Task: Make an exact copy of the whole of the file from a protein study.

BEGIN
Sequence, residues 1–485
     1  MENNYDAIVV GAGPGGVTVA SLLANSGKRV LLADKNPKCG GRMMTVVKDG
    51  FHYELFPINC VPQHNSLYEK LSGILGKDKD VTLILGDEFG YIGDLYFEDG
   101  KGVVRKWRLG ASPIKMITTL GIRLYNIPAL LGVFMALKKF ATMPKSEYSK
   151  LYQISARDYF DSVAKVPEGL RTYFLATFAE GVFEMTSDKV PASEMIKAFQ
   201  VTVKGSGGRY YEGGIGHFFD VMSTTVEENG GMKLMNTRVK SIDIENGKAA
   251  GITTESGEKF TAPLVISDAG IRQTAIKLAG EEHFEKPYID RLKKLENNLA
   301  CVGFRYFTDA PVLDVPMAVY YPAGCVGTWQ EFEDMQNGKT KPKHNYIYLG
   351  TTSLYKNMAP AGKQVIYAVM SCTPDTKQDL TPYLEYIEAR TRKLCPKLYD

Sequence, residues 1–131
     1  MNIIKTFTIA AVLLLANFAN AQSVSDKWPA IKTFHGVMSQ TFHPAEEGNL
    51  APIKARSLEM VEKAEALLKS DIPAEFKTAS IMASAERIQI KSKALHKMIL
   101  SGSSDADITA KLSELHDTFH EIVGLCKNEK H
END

Sequence, residues 1–485
     1  MENNYDAIVV GAGPGGVTVA SLLANSGKRV LLADKNPKCG GRMMTVVKDG
    51  FHYELFPINC VPQHNSLYEK LSGILGKDKD VTLILGDEFG YIGDLYFEDG
   101  KGVVRKWRLG ASPIKMITTL GIRLYNIPAL LGVFMALKKF ATMPKSEYSK
   151  LYQISARDYF DSVAKVPEGL RTYFLATFAE GVFEMTSDKV PASEMIKAFQ
   201  VTVKGSGGRY YEGGIGHFFD VMSTTVEENG GMKLMNTRVK SIDIENGKAA
   251  GITTESGEKF TAPLVISDAG IRQTAIKLAG EEHFEKPYID RLKKLENNLA
   301  CVGFRYFTDA PVLDVPMAVY YPAGCVGTWQ EFEDMQNGKT KPKHNYIYLG
   351  TTSLYKNMAP AGKQVIYAVM SCTPDTKQDL TPYLEYIEAR TRKLCPKLYD

Sequence, residues 1–131
     1  MNIIKTFTIA AVLLLANFAN AQSVSDKWPA IKTFHGVMSQ TFHPAEEGNL
    51  APIKARSLEM VEKAEALLKS DIPAEFKTAS IMASAERIQI KSKALHKMIL
   101  SGSSDADITA KLSELHDTFH EIVGLCKNEK H